I love felting – all you need to create a tight fabric of felt is roving wool, hot water, and soap (and a lot of rubbing). When I saw a felted pompom pressure sensor during class, I was excited at the possibility of felting my own sensor.
But Arduino coding was quite new to me. I started testing with Arduino code, and made a temporary sensor/LED/lilypad combo on a piece of foam to understand the circuit layout. Sensor is made using layers of velostat, conductive thread, and conductive fabric. Tack down all parts on the foam with push pins, connect them with conductive thread, upload the code, and voila! LEDs started to blink! The arduino code makes the LEDs blink at a slow speed when the sensor is at resting state, and the speed picks up as you press/bend the felted sensor.
Now that the Arduino code and LEDs work, it’s time to make felted sensor. It turns out that I had to make multiple versions because I couldn’t get a wide range of resistance. I’ll list the different types I made. The image below shows the materials I used – merino wool roving, steel wool, and conductive thread.
Without testing, I made the hand warmer, thinking that the sensor would work. I placed the steel/merino wool mix at the tip of the hand warmer, and started felting. Couple hours later, when it was fully dry, I hooked it up to the arduino board, and.. it didn’t work. The sensor did not give a wide range of resistance. The LEDs were on full speed, as shown in the video below.
Let’s back up. It is now time to test. step by step.
TEST 1: Merino roving wool + steel wool + WET felting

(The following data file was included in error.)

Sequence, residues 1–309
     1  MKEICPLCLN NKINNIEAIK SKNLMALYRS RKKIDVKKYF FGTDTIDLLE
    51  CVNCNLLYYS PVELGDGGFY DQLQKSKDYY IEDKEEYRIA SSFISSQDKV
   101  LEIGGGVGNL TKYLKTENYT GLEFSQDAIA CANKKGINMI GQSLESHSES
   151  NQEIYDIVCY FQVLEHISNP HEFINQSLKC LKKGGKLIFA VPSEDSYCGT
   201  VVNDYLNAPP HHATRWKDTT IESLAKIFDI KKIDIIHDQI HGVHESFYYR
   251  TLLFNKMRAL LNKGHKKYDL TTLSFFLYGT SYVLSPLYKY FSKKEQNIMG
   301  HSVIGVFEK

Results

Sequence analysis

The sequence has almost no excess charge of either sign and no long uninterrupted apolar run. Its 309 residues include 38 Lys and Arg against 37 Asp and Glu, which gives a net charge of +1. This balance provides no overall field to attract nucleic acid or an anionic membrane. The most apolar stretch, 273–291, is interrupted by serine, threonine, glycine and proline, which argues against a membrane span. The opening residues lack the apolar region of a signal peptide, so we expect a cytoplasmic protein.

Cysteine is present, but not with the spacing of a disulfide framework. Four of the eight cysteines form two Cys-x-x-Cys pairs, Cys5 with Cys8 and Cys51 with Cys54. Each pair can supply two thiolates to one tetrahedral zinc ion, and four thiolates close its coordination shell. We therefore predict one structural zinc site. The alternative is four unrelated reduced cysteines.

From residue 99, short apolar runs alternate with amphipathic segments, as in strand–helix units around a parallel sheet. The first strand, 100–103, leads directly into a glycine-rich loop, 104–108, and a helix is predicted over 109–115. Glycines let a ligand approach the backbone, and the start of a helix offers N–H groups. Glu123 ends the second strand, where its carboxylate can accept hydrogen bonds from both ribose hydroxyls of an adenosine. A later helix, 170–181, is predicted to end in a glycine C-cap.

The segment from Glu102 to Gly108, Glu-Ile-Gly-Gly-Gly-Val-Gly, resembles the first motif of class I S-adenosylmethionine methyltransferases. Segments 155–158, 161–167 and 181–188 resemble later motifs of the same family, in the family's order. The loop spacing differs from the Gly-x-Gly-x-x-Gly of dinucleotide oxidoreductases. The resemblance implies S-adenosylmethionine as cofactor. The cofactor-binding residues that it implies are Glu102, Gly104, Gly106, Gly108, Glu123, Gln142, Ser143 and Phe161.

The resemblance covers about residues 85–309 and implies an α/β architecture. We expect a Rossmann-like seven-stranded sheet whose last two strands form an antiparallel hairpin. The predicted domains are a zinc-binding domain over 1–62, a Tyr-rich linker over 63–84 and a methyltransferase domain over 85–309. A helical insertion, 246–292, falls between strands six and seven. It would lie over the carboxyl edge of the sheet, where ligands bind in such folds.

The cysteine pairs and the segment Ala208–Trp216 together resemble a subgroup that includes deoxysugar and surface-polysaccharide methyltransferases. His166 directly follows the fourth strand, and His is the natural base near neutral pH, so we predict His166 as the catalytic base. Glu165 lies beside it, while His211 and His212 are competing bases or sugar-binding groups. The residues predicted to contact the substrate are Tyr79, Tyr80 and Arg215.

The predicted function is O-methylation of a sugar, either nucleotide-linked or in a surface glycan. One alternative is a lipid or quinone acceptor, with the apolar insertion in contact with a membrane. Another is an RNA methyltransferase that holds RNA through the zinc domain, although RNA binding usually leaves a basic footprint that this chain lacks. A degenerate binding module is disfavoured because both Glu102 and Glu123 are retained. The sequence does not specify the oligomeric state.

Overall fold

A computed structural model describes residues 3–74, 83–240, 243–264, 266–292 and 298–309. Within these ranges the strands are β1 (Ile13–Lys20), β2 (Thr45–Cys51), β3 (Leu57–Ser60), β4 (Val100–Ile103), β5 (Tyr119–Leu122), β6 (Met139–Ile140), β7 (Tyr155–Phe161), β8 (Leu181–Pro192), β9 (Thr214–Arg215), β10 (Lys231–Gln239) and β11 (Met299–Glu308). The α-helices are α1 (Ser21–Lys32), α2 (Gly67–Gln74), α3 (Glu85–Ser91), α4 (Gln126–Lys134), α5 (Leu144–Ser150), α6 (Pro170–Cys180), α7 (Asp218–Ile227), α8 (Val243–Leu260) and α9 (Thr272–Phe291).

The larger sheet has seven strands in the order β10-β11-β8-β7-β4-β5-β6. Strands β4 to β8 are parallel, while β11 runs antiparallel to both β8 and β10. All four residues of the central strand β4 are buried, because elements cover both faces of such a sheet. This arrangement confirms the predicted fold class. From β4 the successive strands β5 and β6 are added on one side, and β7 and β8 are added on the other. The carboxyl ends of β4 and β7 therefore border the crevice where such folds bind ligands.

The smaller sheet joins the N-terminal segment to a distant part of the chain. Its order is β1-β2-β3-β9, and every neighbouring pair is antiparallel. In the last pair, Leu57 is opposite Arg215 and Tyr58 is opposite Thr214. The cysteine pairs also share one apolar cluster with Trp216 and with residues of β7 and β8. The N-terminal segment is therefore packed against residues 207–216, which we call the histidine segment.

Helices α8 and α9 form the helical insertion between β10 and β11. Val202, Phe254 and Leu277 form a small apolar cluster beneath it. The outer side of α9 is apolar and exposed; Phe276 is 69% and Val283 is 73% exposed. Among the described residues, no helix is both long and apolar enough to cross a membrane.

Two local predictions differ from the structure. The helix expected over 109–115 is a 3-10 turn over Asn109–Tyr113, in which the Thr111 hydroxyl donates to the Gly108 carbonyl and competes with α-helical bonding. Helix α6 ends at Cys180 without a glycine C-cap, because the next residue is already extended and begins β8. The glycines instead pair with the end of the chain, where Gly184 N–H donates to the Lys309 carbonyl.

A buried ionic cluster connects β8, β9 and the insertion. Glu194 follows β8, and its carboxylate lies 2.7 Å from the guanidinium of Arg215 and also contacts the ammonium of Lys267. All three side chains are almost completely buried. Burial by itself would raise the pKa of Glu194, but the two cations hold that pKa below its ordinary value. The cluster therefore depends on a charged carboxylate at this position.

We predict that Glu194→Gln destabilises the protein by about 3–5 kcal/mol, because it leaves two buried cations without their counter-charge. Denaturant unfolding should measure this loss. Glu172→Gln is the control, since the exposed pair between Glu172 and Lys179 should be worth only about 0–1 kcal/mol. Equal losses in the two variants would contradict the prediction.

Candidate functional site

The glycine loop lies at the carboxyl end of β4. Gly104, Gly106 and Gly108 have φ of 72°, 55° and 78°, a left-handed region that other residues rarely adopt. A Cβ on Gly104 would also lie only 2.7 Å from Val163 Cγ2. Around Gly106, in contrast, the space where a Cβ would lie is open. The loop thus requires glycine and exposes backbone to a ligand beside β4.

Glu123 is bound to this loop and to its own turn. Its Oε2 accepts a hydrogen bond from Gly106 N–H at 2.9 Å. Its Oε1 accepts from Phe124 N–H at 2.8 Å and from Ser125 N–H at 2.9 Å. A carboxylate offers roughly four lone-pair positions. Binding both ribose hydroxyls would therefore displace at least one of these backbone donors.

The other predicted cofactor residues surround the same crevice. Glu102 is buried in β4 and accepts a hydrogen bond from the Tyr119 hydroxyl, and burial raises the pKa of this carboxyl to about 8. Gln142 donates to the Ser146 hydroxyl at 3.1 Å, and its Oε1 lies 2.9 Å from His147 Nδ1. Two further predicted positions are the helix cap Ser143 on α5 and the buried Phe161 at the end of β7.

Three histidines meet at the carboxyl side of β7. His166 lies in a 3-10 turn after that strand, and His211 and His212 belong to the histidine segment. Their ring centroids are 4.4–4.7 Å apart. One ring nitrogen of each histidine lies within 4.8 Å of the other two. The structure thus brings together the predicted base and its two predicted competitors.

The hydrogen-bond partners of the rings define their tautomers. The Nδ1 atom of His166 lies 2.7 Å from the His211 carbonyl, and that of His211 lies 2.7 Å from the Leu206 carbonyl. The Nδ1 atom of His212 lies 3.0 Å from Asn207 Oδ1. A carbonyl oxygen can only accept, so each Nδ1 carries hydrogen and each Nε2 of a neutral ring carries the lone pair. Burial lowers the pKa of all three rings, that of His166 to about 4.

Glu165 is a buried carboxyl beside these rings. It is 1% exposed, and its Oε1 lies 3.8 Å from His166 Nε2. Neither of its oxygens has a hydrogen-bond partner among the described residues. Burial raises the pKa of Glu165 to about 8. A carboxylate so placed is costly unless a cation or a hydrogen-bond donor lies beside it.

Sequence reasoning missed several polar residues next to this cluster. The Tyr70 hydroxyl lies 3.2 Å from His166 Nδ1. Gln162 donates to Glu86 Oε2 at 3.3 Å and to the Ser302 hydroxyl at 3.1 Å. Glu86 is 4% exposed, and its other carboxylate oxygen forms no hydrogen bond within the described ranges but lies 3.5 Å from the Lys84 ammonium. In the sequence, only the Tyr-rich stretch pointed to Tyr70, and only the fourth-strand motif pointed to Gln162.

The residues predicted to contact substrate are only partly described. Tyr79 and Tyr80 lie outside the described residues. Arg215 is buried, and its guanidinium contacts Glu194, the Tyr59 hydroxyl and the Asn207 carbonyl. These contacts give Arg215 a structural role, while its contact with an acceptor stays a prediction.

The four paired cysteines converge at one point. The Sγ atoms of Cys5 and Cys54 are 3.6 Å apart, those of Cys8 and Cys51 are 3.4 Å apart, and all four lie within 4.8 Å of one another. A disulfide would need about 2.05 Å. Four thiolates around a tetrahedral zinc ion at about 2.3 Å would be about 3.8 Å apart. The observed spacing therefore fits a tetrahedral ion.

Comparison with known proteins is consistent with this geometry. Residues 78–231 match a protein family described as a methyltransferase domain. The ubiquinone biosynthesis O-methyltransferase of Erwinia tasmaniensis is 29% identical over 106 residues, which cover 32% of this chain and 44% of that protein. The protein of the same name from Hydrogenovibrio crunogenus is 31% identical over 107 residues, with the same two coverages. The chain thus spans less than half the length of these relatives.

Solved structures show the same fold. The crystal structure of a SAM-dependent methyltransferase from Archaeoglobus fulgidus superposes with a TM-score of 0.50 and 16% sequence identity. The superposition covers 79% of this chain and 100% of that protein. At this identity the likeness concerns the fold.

This was the preferred technique, since I wanted to felt the sensor as I felted the entire project, to create a seamless piece. I didn’t want to sew on an extra layer of sensor. Thinking that I may have felted too much in the previous hand warmer piece, I felted this small test just slightly. However, when I placed the wet-felted sensor instead of the velostat sensor, the LEDs went off to its maximum blink speed again. I couldn’t get the wide range of resistance as I did with velostat sensor. Fail.
TEST 2: Merino roving wool + steel wool + NEEDLE felting
I suspected the felting method of the previous one as the main fault; wet felting technique felted the steel wool too much (similar to not having enough gap between velostat layers). So I decided to needle felt the sensor. Result? Same as above. Fail.
TEST 3: Merino roving wool + shredded conductive thread + needle felting.
After some online searching of why the felted sensor did not work, I came to a conclusion that it is the steel wool itself that might be the problem. It may not be the right type to use as a sensor. So one last option was to use pulled/shredded conductive thread and felt it with the merino wool roving.
And…it worked! Although I didn’t get the low-mid-range resistance, I was still able to get the resting state and activated state. I took the felted piece and carefully needle felted onto a new felted hand warmer.
Circuit path embroidery
Now that the felted sensor is working, I sewed the LEDs and sensor circuit path on to the felted piece using conductive thread. It was a bit difficult to separate the ground path from LED/sensor path, especially the long sensor circuit path all the way down to the analog input pin on arduino. The picture below shows the final circuit path design of the hand warmer. Each conductive thread dots (input pin locations) were pressed with snaps, so that the arduino board (which has soldered snaps on each pin locations) can be easily detached.
1.1 K Ohms ~ 195.6 K Ohms
0.15 V ~ 4.24 V
Measured voltage with multimeter:
0.1 V ~ 3.8V
LED diffuser with acrylic fishing wire
When I made the foam-board test piece, I used clear acrylic push pins to pin down the LEDs. The clear acrylic pin heads worked quite well as a diffuser, so I thought of making stitch-able light diffuser for the felted piece. I used thin gauge clear acrylic fishing wire and stitch-wrapped LED pieces. This should make the light diffuse more than the bare exposed LED heads.
Complete: Felt-me hand warmer (use the glove to signal help with carrying your heavy grocery!)